Nick Jikomes 55:30
Interesting. So this interoceptive ability seems to be crucial. If you're not able to pay attention and get a good signal from inside of your body, it literally can prevent you from physically helping yourself.
Peter Addy 55:45
Yeah, a lot of my work now is with people with chronic pain and related chronic health conditions, I have a chronic pain condition. And so they're paying attention to my body equals pain. So I don't want to do that. That's the last thing I want, I want to dissociate in order to just get through the day. And so if you're, you're asking me to like do a body scan or, or pay attention to all my muscles, that's excruciating. That is, I will just run out of the room rather than do that. So getting someone to pay attention to their body there is very difficult, understandably, so it's a survival mechanism to not pay attention to your pain. But what I tried to tell myself, what I tried to tell my clients is that long term, you get to pay attention to your body. And also there's that emotional balance piece where you get to them have a sense of the pain is it's it's just pain, like pain doesn't have to be bad, which is a weird thing. Like I still I don't think I fully grasp that, to be honest with you, but I try. It's a practice. But sometimes you can get to the point where pain is just pain, it's just there. It's not a bad thing. It's not a good thing, but it's just part of it.
Nick Jikomes 57:07
Yes, it sounds like the real optimal. Psychological toolkit is not one where you've got interoception tuned up all the way or one where you've kind of got the opposite, but it's actually the ability to selectively turn up or turn down interoception versus external attention, when it best suits you, if you've got intense pain, you might actually want to dissociate a bit to literally dissociate yourself from the feeling of pain. And in other cases, you might be dissociating, and that's actually preventing you from knowing what you're actually doing, like grabbing that next drink.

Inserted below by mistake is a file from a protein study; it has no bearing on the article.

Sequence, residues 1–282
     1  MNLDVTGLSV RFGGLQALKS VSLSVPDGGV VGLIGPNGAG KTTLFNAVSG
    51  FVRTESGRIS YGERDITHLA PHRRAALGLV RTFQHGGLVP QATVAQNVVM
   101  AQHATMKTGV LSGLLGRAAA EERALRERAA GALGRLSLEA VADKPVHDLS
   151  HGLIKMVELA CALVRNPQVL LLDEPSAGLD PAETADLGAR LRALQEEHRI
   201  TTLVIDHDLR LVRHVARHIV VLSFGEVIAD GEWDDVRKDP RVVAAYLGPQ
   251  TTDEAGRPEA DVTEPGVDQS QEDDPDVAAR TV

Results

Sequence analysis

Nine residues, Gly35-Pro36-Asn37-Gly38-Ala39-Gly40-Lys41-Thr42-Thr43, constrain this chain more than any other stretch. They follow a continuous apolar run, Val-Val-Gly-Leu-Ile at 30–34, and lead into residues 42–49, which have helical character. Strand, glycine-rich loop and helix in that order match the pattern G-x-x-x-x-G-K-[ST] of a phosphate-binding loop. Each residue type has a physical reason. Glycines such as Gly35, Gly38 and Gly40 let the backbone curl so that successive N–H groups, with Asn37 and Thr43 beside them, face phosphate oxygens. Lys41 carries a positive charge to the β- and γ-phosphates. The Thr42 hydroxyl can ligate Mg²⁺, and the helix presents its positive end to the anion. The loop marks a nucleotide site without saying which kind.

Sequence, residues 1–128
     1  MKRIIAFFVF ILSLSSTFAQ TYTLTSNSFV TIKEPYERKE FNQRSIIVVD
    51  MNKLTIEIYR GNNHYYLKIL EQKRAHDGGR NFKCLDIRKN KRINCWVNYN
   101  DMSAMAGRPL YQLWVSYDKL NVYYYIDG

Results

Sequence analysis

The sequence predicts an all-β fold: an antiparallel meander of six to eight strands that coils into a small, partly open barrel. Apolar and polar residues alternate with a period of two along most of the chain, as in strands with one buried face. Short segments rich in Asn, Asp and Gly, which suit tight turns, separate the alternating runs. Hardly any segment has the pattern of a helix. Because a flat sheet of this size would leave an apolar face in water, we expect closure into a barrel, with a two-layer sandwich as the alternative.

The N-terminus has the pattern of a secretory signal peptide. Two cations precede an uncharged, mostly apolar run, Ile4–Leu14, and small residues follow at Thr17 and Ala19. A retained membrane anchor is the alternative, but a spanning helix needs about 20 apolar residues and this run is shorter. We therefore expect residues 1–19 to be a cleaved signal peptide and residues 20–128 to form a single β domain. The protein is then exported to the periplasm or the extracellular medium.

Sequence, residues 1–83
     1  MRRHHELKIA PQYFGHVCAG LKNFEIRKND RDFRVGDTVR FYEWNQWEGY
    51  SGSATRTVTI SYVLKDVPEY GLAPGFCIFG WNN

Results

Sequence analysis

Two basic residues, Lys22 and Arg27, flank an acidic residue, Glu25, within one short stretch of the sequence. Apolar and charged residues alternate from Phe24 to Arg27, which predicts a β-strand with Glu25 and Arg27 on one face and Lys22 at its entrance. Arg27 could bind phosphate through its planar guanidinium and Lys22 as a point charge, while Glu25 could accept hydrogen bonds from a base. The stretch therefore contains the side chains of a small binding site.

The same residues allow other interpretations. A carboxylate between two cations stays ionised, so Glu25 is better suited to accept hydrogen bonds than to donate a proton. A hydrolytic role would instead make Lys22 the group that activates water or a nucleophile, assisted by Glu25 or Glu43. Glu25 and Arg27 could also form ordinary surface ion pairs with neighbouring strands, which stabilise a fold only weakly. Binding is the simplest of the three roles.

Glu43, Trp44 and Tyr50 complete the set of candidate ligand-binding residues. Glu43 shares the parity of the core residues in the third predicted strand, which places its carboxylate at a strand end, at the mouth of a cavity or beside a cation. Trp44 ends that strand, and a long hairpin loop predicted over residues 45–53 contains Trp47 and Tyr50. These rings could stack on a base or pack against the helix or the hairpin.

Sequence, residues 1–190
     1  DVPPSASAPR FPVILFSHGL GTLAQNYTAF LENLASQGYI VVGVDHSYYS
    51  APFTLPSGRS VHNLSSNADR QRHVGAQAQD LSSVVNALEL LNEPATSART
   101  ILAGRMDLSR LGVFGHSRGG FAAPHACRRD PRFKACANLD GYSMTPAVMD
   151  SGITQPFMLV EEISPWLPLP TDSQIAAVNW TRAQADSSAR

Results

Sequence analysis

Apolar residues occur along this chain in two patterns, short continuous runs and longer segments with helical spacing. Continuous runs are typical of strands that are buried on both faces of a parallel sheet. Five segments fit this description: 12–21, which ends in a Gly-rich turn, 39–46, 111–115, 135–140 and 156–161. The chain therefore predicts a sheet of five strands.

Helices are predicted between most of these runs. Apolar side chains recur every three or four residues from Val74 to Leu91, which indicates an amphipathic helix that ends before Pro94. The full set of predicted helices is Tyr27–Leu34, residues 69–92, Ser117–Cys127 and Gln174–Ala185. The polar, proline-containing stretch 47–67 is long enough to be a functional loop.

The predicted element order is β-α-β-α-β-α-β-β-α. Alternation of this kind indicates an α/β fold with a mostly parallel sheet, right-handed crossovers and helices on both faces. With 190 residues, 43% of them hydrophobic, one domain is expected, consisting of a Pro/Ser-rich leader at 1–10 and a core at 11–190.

Peter Addy 57:41
Yeah, I would say, decoupling the body signals from your story about the body signals a lot of times. So I'm going to guess with my, my client who reaches for the beer unconsciously, if I, if I were able to peek into his head, I'm going to guess that he comes home from work, and he starts thinking about a lot of stressful things. You know, he's having trouble in his marriage. And money is pretty tight. And so he comes home from work, and he's just kind of flooded with all of these things. And so to avoid the emotional pain, he reaches for alcohol, which in the short term is very good, at at its job of avoiding the emotional pain, it's terrible, long term solution. But in the moment, it's pretty good. You know, I come home and I start thinking about all these terrible things in my life. And I want to avoid that pain. So I'll drink. And a long term goal would then be to notice physical or emotional pain, and to decouple that from having to do something about it, or having to just habitually numb it, or medicate from it, because it's just there. It's just a thing that you can look at, like anything else. It's not overwhelming, it's not going to destroy you.